Studying without studying

I’ll occasionally start listening to a Mandarin news broadcast and then start doing something else. When I realize it’s still playing, I often wonder, “Am I learning something from this, even though I’m paying it no attention?” My intuition is that my brain does process some of the “background noise.” This is plausible because MUCH, MUCH more goes on inside our brains than we’re conscious of.

It’s also plausible because those who want to concentrate on a task usually try to minimize background noise. This also suggests our brains are doing something with that “background noise,” even if we’re not consciously paying it any attention.

A new study by scientists at Northwestern claims not only that our brains can learn from “background noise” but that such unconscious learning can — under certain conditions — be as effective as focused, conscious learning!

Wired reports:

listening to relevant background stimulation could be just as effective as slaving away at the task itself, at least when the subjects had practiced first. In fact, the scientists found that we don’t even have to be paying conscious attention to the stimuli – subjects still benefited from the stimulation even when distracted by an entirely unrelated task.

One of the study’s authors, Andrew Sabin, explains, “you do have to do the task, just not for the whole time. The main result is that if you practice for 20 minutes, and then you are passively exposed to stimuli for 20 minutes, you learn as if you have been practicing for 40 minutes. You can cut the effort in half, and still yield the same benefit.”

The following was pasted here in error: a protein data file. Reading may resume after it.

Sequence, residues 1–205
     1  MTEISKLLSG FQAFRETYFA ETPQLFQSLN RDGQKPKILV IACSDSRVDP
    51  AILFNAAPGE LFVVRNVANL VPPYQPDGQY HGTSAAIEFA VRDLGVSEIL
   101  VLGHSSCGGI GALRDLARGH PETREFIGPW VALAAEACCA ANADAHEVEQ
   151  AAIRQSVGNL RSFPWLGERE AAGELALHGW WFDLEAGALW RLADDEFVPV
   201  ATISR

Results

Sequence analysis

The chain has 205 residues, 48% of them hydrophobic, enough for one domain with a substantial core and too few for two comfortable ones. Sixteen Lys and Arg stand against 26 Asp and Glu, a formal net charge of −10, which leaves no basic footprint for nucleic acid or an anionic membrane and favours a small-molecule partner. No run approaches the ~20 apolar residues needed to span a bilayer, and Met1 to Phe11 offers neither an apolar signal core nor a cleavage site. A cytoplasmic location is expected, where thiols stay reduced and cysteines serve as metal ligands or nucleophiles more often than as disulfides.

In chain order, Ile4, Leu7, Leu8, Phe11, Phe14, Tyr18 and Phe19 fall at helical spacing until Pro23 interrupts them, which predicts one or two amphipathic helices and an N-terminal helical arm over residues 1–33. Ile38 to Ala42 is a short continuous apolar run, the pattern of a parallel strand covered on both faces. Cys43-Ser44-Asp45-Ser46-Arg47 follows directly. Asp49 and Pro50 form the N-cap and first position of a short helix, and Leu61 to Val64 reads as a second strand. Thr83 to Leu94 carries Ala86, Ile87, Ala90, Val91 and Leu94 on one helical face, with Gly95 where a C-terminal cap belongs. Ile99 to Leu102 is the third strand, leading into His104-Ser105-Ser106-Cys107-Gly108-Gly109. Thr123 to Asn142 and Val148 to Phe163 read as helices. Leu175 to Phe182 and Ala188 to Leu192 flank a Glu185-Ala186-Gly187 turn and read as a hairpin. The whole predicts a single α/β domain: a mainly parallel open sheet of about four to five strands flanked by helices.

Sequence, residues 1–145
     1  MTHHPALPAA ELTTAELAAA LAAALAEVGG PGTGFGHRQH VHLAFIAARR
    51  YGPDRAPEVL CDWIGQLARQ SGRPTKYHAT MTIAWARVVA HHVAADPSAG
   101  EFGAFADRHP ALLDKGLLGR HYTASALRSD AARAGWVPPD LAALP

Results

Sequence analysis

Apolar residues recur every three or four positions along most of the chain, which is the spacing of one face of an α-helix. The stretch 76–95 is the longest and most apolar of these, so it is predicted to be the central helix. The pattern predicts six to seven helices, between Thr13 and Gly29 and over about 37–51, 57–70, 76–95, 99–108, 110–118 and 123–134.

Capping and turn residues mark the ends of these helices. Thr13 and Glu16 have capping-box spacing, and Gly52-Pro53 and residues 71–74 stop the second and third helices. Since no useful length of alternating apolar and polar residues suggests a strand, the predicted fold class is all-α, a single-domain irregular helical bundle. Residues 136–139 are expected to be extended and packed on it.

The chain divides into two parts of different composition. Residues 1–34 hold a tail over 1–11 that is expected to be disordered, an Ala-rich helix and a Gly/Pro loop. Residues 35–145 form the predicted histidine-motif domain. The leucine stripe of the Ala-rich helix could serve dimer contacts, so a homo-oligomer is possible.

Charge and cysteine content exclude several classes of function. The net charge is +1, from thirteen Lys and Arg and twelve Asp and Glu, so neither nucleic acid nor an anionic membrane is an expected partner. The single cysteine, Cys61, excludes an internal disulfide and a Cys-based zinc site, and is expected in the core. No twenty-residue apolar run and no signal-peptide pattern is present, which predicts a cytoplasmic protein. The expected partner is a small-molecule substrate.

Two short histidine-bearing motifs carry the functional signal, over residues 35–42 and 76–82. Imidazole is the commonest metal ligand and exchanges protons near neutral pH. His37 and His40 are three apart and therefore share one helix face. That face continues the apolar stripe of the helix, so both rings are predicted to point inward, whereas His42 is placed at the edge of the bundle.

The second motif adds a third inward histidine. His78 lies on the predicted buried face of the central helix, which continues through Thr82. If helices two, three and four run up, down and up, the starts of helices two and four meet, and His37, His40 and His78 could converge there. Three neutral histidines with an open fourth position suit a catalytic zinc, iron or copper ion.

This suggests listening unconsciously to Mandarin in the background may strengthen my audio comprehension if I listen to something I’m generally able to understand when I pay attention to it. Listening to a Chinese university professor lecture on quantum physics or Chinese medicine wouldn’t benefit me because (s)he would use too many words I don’t already know. But I probably can improve my Chinese by listening to a conversation about business or education or international relations (subjects in which I have already learned many Chinese words), even if I don’t pay attention.

This principle also applies to anyone learning a language. But you must choose your background material to match your knowledge. And it’s presumably most effective if you re-listen to material you have just studied consciously. So, when you stop studying your Spanish lesson and move on to math, replay your Spanish lesson in the background and see how you fare on your next test.

Posted by James on Wednesday, September 29, 2010